Based on that, I will suggest that you assume your terror is completely rational and try to dig down into what is the source of your biggest concerns. Specific complications tend to run in the family, so talking to relatives can give you the heads up as to what you need to watch for. My mother's water never broke on its own. They always had to break it. My water also never broke on its own. They had to break it. When my sister had a high risk pregnancy, I told her "If they offer you pain killers, take them. Do not wait until you think you need them." High pain tolerance runs in the family and my birthing experiences suggested to me that by the time I wanted drugs, doctors would reply "It is too late for that. You should have gotten them earlier." My sister indicated she took the drugs when offered and she was glad I gave her the heads up.

Also, some cultures are more pregnancy friendly than others. Latino and Middle Eastern cultures tend to be better about telling a pregnant woman "Sit down. Put your feet up. Quit working so hard. Stop endangering the baby." Generally speaking, White Americans are the worst about acting like full time moms are merely leeches and welfare queens, regardless of their marital status and how they actually spend their time. Of course, the flip side is that pregnancy friendly cultures also tend to be kind of against women having careers.

But, if you can get good medical and social support, it makes a huge, huge difference in your experience of pregnancy and your actual outcomes. My sister's high risk pregnancy got very high levels of support both medically and socially. The result: she delivered a healthy baby 3 weeks early and it was a vaginal delivery on the one day that could possibly have happened. There had been zero discussion of a vaginal delivery. They had always talked about doing a C section.

So, I was traumatized by pregnancy #1 and did get over it and had another baby. I later was terrified of a specific pregnancy related outcome -- having a baby with a dread disease - and I did what I could to mitigate it, ie getting involved with men who were less likely to be carriers. I am 50. I no longer want more children, so this is, hopefully, basically behind me. But my terror was in no way irrational. There is a reason they classify my condition as a dread disease. Dreading the possibility of having another baby with the condition is not at all crazy. You would have to be crazy to want a child with the condition. And my pregnancy with the child who has the condition was much harder than my second pregnancy. I don't think that is mere coincidence.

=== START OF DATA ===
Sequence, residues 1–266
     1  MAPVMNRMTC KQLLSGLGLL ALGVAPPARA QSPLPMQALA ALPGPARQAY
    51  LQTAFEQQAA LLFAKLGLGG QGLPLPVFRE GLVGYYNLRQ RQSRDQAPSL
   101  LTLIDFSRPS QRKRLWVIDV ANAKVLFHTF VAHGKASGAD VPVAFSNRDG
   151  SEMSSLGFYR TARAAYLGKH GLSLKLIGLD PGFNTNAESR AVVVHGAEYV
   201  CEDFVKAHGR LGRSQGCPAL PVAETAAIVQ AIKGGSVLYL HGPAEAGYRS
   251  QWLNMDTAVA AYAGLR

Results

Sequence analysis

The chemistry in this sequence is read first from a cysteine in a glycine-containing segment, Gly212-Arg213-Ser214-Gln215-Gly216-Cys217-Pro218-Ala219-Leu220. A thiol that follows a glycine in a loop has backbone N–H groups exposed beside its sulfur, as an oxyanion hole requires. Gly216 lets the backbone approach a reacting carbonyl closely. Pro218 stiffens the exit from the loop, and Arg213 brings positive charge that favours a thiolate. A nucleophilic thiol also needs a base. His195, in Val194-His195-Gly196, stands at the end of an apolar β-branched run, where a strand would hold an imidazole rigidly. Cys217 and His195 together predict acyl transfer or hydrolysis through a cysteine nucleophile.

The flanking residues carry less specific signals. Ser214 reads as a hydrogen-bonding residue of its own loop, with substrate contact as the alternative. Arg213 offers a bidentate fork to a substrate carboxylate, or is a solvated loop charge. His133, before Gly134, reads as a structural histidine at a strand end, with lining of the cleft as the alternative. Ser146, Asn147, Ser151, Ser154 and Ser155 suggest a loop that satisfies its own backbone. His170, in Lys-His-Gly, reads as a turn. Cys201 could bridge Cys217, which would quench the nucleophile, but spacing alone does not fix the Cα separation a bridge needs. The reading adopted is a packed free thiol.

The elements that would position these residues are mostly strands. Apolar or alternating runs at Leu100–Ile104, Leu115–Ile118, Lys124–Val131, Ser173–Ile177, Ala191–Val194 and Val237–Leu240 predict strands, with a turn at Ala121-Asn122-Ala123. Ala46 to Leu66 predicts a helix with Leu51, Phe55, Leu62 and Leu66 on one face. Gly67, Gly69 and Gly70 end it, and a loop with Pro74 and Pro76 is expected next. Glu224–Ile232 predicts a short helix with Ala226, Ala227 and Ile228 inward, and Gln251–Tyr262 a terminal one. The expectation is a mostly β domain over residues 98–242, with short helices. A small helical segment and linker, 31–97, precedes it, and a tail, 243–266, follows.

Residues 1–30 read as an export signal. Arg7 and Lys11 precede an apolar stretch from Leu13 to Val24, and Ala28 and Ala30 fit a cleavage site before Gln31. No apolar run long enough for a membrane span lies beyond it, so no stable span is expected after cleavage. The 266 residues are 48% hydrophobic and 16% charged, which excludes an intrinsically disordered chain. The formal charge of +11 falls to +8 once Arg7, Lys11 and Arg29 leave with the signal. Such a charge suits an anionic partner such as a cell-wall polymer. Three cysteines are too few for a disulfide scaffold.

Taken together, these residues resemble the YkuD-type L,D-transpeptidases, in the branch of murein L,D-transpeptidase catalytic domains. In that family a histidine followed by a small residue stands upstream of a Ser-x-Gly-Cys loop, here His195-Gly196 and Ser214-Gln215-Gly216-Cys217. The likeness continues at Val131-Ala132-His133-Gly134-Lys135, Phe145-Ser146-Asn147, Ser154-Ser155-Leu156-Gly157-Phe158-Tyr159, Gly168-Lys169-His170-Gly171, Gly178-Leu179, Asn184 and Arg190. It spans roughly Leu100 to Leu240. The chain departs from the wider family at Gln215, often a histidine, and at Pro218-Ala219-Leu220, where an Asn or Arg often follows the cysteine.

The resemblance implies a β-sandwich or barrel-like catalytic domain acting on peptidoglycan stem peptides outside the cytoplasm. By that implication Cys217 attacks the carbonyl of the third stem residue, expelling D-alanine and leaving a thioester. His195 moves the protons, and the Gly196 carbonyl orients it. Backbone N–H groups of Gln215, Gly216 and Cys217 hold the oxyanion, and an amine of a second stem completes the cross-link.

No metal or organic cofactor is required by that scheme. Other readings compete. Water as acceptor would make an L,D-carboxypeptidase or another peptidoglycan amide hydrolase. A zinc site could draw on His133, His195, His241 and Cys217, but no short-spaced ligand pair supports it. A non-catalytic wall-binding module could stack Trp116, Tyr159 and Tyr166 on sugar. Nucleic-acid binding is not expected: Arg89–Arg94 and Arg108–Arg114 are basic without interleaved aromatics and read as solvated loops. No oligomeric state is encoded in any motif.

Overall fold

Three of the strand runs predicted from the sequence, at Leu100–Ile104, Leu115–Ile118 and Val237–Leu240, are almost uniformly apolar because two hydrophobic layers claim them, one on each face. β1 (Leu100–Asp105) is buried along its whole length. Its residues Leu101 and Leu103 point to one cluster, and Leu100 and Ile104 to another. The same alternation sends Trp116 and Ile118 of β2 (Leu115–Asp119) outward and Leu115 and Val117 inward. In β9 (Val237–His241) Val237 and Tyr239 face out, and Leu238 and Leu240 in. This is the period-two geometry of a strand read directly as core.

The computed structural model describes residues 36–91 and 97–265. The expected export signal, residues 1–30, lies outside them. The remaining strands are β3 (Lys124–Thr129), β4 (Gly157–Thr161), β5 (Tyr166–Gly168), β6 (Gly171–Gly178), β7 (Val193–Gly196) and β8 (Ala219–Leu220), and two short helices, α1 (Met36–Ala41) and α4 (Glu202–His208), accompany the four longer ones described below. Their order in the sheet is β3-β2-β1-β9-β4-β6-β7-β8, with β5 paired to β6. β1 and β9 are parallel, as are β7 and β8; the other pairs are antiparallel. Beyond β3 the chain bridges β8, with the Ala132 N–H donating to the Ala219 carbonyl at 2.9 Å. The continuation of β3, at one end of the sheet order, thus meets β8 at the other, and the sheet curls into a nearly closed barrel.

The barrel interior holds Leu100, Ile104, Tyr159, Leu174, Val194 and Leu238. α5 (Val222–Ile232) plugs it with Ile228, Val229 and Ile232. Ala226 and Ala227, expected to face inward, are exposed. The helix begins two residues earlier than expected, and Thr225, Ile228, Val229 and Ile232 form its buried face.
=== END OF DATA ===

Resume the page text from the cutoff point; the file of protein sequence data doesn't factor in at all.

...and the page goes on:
But, if you actually want to have a baby, there are ways to mitigate a lot of the issues pregnancy causes. You can be picky as hell about your partner. You can marry into a pregnancy friendly culture or at least go visit one for a time and find out what that looks like. You can be picky about your medical team. You can educate yourself about the risks and how to manage them as best as possible. Etc.
posted by Michele in California at 12:55 PM on January 15, 2016


I was pretty terrified, in part because I don't like hospitals, I don't like blood draws, anything where there might be bleeding or messiness, and ... that's pregnancy/childbirth! Oh, and also I have a condition (vaginismus) that made me ... um, really nervous about any pelvic exams, ultrasounds, etc, much less actually giving birth! I have given birth twice (both by c-section) and am happy to talk over memail.

Honestly, I definitely took the first pregnancy one step at a time. Like, ok, this week they are going to take my blood, and it's going to be ok, and when it was, what was next? Tried not to spend too much time fixating on the actual childbirth stuff until about the third trimester. By then I'd had so much blood taken and people up in my stuff that I was able to read birth stories and get better prepared.

By the second one, I'd already done it once so it was much less terrifying. I hope to never do it again, though :D
posted by freezer cake at 4:34 PM on January 15, 2016


Those fears are totally normal on some level, for anyone who's pregnant. But there are lots of ways to cope with fear and anxiety (which left unchecked can indeed make the experience worse for all involved.) Have you looked into mindfulness training for birthing? Mindful Birthing is a good overall introduction and really helps reduce the fear spiral through exercises — like training yourself to hold an icecube in your hand and learning breathing exercises to handle tough moments.
posted by amoeba at 1:21 PM on January 16, 2016


I have had a fear of childbirth since adolescence, enough that I was never sure if I would be able to have children because of it. Well, I just had a baby 6 weeks ago, and here's how I did it.